'They brought out a sense of geography and the dark strain in my writing, broadened my horizons about what might be accomplished with a pop song and are still the cornerstone literally for what I try to accomplish today ... the short stories of Flannery O’Connor landed hard on me. You could feel within them the unknowability of God, the intangible mysteries of life that confounded her characters, and which I find by my side every day. They contained the dark Gothicness of my childhood and yet made me feel fortunate to sit at the center of this swirling black puzzle, stars reeling overhead, the earth barely beneath us.'


Bruce Springsteen - Reason To Believe.

Christ overlooked at Christmas

This was the homily that I gave at the Service of Nine Lessons and Carols by Candlelight which we held at St John's Seven Kings last Sunday evening:

It may sound an odd thing to say at a service attended by a large number of people, but Jesus has always been overlooked at Christmas. Think about the Christmas story for a moment; Jesus spent his first night sleeping in an animal’s feeding trough because there was no room for him in the guest room of the home in Bethlehem where his family were staying, the Shepherds needed a fanfare of angels before they knew of his birth, while the Wise Men looked for him in a palace when he was actually to be found in an ordinary home. So it is no surprise that today many people still overlook the person at the heart of Christmas in the busyness of life and Christmas preparations and others overlook him by creating supposedly PC festivals like Winterval.

Jesus has always been overlooked at Christmas but one of the reasons for that is that he came to be one of us, God with us, which is what the name Emmanuel means. Born in an obscure village, working in a carpenter’s shop, never writing a book, never holding an office, never having a family or owning a house, never going to college, never travelling two hundred miles from the place where he was born. He did none of the things we usually associate with greatness. He is God become an ordinary person just like us. And therefore he is easy to overlook.

But just as the Shepherds and Wise Men did seek him out and find him, those who genuinely look for Jesus this Christmas will find him. And if you are prepared to seek him out, you will find that Jesus is the greatest gift that any of us can receive, both at Christmas and any other time in our lives.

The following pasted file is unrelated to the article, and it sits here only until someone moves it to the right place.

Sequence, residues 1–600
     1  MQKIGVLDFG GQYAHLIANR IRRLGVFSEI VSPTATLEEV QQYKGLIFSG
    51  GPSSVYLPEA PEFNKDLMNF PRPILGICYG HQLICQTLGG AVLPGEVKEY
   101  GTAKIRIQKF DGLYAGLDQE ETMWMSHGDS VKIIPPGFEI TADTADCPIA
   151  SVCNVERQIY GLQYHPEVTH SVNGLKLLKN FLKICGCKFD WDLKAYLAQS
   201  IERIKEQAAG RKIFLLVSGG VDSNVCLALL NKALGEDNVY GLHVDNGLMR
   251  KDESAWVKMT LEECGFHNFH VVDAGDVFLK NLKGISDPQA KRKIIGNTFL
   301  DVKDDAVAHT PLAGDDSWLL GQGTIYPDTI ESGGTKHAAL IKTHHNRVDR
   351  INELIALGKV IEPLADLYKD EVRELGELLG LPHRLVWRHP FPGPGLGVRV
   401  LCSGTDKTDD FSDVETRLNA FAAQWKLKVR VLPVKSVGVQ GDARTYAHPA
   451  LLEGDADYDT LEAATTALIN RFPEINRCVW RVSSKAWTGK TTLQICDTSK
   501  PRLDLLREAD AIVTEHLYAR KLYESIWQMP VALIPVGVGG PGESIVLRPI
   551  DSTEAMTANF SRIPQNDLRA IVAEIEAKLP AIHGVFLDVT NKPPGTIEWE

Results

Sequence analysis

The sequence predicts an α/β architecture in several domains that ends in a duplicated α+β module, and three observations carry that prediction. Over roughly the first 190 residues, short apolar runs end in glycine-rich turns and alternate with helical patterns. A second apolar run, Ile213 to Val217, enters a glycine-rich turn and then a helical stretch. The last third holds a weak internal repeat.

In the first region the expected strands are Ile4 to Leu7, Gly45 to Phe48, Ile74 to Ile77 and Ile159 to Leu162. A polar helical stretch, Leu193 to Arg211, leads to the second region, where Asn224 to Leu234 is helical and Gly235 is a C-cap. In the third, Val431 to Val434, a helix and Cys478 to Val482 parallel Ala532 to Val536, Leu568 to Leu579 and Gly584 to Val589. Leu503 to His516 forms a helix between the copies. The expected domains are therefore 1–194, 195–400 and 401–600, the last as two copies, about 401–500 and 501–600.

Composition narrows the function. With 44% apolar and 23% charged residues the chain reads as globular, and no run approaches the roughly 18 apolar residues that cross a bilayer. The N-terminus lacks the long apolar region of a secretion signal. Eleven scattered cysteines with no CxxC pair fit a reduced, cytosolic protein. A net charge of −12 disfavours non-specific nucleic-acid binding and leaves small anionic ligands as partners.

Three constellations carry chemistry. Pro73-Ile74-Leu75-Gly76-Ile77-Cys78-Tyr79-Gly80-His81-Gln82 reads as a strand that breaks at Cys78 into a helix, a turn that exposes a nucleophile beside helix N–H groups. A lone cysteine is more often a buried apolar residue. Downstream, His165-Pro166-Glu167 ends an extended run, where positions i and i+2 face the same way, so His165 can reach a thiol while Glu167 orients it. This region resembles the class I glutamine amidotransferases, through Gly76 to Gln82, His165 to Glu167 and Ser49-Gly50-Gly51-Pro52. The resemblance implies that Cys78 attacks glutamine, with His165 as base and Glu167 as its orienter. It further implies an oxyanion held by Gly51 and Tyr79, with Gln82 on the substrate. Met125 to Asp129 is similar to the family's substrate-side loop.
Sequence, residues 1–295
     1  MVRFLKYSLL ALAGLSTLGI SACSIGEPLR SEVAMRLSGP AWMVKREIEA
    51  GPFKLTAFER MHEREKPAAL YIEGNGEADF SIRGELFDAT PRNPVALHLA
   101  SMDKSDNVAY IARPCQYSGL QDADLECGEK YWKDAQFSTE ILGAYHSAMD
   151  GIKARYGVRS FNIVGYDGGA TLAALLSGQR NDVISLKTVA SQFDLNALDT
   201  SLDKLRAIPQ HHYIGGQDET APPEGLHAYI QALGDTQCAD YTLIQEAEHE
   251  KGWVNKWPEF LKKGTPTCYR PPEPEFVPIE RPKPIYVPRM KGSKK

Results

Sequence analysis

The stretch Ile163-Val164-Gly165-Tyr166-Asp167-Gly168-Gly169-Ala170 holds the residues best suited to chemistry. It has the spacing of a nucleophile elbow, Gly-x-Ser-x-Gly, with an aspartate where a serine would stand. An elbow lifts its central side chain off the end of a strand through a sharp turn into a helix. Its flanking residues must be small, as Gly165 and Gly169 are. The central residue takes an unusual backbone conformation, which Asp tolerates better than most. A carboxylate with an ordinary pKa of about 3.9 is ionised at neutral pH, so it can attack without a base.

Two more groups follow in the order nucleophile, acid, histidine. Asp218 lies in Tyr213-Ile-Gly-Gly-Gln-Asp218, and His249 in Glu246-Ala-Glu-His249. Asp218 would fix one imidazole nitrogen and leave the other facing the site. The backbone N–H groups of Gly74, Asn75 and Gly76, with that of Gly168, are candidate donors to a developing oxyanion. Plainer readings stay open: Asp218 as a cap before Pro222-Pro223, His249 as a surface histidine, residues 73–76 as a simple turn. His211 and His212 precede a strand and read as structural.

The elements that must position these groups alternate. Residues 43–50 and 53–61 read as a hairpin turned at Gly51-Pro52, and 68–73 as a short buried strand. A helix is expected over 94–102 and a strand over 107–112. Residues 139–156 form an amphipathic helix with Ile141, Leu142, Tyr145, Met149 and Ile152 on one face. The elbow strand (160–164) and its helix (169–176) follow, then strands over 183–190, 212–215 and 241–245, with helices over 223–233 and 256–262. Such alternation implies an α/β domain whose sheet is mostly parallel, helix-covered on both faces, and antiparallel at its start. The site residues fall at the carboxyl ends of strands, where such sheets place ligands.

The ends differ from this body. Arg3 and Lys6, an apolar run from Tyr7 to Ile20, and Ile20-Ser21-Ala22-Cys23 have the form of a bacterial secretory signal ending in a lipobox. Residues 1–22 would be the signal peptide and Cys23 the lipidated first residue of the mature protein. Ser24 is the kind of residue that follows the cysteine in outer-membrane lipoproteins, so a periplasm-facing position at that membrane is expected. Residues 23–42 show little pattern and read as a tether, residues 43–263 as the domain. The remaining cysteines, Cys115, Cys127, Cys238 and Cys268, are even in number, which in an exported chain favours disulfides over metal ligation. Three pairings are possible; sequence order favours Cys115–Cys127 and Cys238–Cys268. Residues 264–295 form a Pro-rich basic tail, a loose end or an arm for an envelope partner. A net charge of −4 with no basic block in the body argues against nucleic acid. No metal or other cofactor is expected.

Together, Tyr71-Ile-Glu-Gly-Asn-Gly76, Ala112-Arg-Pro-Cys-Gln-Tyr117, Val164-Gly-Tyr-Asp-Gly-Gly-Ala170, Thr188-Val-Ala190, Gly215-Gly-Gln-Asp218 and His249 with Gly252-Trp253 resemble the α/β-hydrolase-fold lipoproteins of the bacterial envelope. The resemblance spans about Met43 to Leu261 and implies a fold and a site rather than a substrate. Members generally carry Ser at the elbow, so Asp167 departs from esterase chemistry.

As you listen to the story of Jesus’ birth tonight, the story will have meaning as you take it to heart. The 17th century German mystic, Angelus Silesius, warns us:

Though Christ a thousand times
In Bethlehem be born
If he’s not born in thee,
Thou art still forlorn.

If Christ is not born in you as you listen and sing, this time together will be pleasant but not life changing. But if Christ is born in you then the whole story will be transformed. It will become your story. You will be able to say:

Christ born in a stable
is born in me.
Christ accepted by shepherds
accepts me.
Christ receiving the wise men
receives me.
Christ revealed to the nations
be revealed in me.
Christ dwelling in Nazareth
You dwell in me.


Steve Bell - Magnificat.

Sabbatical art pilgrimage: ArtServe article

The latest article based on my sabbatical art pilgrimage can be found in the Winter edition of ArtServe's magazine. The article, which is entitled 'A Tale of Two Churches', uses the story of commissions at Notre-Dame des Alpes in Le Fayet and Notre-Dame de Toute Grâce on the Plateau d'Assy to explore issues raised by the twentieth century revival in sacred art. Both churches are in the French Alps, they had the same architect, are built in a similar style and are only kilometres apart yet they represent different stages of the twentieth century’s revival of sacred art.

ArtServe promotes and supports the use of creative arts in Christian worship, including music, dance and drama, visual arts, and creative writing. ArtServe magazine is published three times a year. The latest edition also features:

Martin Smith - Emmanuel.

Wednesday, 17 December 2014

Enterprise Exchange data

The Seven Kings Sophia Hub played a key role in supporting the delivery of the Enterprise Exchange project recently delivered by London Borough of Redbridge and Vision. We promoted the project widely and offered more intensive support to residents who were at the earliest stages of looking to start a business or social enterprise. Our team were always hugely enthusiastic and passionate about the work they did which fostered a really interesting and dynamic environment for delivering our Enterprise Club in the Enterprise Exchange Hub. Wherever necessary they would always refer residents on to additional support if required but had good working knowledge of what is already available and being offered within the borough.